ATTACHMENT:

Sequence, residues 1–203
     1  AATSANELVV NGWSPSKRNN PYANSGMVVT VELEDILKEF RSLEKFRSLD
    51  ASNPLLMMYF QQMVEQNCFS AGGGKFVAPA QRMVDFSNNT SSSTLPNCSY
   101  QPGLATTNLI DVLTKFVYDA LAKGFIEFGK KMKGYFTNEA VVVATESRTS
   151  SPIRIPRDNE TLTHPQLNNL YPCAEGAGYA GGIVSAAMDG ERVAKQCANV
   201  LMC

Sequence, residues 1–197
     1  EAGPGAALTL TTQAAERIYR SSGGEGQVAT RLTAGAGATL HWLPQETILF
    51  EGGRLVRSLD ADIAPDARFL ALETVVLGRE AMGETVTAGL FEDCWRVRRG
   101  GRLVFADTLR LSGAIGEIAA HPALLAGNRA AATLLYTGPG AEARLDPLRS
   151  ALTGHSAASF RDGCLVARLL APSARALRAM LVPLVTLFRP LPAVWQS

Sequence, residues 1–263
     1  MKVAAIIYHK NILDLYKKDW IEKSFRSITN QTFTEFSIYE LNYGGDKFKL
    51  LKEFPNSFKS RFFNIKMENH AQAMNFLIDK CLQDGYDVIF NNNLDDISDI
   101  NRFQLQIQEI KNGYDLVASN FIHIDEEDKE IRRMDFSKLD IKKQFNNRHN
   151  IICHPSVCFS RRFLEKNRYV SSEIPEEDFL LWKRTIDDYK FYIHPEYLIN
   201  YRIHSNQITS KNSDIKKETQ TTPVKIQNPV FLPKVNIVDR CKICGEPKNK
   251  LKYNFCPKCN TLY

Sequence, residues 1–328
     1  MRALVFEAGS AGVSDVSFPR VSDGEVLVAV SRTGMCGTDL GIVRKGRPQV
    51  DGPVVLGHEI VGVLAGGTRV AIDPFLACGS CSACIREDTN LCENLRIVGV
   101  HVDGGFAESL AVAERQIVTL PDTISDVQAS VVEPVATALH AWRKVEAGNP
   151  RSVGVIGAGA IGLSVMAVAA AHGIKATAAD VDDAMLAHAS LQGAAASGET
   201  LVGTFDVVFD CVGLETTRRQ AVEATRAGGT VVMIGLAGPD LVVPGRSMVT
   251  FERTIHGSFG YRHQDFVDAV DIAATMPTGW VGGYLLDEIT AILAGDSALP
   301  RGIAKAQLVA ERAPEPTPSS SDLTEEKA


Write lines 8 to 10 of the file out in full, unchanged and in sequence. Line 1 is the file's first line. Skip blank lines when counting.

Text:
     1  EAGPGAALTL TTQAAERIYR SSGGEGQVAT RLTAGAGATL HWLPQETILF
    51  EGGRLVRSLD ADIAPDARFL ALETVVLGRE AMGETVTAGL FEDCWRVRRG
   101  GRLVFADTLR LSGAIGEIAA HPALLAGNRA AATLLYTGPG AEARLDPLRS